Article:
Naples, Fla. — Upheaval in the polyethylene and polypropylene resin markets is keeping processors on their toes in 2022.
Market veteran Esteban Sagel covered these markets at the Plastics News Executive Forum in Naples. Sagel is principal of Chemical & Polymer Market Consultants (ChemPMC) in Houston.
"Before COVID, there was a lot of polyethylene coming on, and it was a question of where to sell it and how to export it," Sagel said. "Prices were expected to come down.
"Then in COVID, people were focused on survival. We had [PE] growth when people were expecting the opposite, and that led to higher prices."
Although inflation and environmental issues could affect PE demand moving forward, PE makers such as Shell, ExxonMobil and Nova Chemicals are continuing to add capacity. Sagel said although some of this new capacity might be delayed, domestic demand still won't be enough to absorb it, keeping emphasis on the export market. Exports of PE from North America "are up, but haven't quite recovered," he added.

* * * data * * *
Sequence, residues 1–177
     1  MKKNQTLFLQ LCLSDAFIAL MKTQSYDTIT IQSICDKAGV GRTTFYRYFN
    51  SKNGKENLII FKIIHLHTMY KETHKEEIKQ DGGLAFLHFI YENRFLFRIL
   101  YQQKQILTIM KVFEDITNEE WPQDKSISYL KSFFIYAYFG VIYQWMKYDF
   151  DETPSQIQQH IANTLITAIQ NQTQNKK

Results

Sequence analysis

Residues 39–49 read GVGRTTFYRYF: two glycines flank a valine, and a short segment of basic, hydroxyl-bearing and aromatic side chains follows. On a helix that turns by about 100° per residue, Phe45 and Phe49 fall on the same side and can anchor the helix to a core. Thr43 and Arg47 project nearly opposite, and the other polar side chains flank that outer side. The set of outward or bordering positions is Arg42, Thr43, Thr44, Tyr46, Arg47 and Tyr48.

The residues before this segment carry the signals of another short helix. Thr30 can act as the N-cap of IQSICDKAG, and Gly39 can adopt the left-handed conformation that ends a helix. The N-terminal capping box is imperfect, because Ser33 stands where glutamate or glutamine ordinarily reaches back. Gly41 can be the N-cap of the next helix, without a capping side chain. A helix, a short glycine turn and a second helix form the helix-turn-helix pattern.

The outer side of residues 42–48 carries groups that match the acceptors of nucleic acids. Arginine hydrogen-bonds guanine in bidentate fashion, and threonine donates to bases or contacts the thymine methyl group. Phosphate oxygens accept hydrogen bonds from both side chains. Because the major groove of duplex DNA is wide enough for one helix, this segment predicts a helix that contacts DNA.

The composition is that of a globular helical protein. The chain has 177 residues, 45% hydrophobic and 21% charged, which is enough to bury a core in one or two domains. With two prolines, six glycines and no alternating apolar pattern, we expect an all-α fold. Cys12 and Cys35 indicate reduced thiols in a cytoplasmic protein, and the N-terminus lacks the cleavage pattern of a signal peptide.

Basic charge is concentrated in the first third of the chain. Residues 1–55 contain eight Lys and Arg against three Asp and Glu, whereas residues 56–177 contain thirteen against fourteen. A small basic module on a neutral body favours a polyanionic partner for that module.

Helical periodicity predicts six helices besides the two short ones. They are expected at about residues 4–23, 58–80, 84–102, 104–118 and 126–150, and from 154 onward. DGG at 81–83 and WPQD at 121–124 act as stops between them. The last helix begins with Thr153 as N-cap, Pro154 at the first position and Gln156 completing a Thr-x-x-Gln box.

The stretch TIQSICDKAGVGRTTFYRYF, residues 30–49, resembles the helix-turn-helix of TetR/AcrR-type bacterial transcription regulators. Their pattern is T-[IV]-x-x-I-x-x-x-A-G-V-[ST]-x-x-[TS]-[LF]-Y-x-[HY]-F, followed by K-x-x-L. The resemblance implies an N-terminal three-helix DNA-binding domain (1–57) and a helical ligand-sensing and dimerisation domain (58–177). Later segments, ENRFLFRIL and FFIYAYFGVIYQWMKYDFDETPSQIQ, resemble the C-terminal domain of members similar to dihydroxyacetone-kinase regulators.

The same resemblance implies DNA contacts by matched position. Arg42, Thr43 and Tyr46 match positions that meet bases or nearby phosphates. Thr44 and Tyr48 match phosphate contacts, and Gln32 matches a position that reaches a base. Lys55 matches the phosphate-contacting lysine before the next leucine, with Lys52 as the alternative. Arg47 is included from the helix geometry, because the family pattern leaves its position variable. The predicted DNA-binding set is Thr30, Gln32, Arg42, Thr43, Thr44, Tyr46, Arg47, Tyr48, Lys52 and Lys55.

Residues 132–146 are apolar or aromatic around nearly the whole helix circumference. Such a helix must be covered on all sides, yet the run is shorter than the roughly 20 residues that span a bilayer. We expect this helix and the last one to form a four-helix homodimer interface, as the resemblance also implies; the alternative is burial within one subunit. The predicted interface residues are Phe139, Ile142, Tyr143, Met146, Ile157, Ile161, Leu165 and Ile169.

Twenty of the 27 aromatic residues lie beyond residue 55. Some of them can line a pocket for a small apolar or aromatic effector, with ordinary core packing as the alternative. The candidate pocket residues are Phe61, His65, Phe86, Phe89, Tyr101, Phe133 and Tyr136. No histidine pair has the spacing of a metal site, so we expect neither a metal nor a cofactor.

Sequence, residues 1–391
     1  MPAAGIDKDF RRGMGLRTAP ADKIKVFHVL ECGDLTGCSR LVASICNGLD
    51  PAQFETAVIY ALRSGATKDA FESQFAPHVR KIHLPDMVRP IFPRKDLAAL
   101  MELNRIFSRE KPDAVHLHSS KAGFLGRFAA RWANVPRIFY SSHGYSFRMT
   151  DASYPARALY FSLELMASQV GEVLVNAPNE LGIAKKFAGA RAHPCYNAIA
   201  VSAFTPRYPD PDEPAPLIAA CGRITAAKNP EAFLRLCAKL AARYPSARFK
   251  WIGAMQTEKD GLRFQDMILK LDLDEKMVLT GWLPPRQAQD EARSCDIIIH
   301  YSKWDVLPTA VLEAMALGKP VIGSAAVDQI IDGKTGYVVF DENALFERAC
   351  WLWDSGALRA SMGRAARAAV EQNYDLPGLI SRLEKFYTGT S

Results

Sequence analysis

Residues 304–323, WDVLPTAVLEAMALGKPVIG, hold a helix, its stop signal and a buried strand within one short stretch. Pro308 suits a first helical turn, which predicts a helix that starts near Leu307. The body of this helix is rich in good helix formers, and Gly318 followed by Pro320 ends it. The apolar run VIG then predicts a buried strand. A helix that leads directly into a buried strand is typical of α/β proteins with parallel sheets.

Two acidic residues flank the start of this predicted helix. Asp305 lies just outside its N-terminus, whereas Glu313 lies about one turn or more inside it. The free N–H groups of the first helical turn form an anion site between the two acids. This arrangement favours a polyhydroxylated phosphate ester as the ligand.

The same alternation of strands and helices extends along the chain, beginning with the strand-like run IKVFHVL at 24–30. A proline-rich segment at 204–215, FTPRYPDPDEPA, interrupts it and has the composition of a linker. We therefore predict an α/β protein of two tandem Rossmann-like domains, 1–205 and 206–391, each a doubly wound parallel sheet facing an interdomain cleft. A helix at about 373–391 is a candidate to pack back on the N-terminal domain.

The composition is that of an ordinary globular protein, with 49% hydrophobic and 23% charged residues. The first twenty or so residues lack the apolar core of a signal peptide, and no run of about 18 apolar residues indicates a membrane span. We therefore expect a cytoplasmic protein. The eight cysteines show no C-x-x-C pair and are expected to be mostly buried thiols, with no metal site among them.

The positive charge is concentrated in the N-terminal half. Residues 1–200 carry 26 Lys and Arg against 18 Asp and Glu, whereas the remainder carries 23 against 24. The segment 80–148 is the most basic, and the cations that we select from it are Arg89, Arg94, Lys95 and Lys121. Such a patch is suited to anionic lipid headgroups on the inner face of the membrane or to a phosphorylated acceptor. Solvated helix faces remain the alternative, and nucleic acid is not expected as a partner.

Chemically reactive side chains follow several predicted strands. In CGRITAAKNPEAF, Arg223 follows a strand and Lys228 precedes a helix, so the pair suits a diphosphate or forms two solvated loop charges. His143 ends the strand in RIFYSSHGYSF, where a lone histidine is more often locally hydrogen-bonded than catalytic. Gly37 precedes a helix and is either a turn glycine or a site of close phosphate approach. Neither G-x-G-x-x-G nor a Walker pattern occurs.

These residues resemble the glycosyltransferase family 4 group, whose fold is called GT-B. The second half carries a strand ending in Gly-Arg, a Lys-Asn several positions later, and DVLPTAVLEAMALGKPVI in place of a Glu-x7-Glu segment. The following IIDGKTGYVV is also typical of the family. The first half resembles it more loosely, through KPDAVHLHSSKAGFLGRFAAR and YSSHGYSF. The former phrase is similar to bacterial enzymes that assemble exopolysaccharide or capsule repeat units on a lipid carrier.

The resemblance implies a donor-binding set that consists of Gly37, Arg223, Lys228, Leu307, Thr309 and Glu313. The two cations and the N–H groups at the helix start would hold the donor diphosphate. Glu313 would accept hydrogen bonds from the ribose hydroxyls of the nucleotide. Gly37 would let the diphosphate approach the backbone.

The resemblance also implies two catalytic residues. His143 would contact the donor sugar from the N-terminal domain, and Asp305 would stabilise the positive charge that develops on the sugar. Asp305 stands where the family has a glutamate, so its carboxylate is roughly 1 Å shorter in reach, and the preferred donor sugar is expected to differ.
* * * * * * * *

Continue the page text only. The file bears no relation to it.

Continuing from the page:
The PP resin market "is a different story," according to Sagel, because PP makers "are skittish about the value chain." As a result, although some PP makers such as ExxonMobil and Inter Pipeline are adding capacity, those numbers are far less than those for PE expansions.
PP exports from North America remain down, he added, while more material has been coming in from outside the region.
Both the PE and PP markets are being affected by other factors, such as high freight and transport costs, reduced container availability, congestion at ports, high fuel prices and a difficulty in finding enough truck drivers.
Sagel added that "new consumer habits" such as food delivery, higher use of cleaning products and e-commerce could affect demand for PE and PP.
Environmental pressure resulting in bag bans also could play a role in demand patterns, he said, while inflation may result in reduced consumer spending.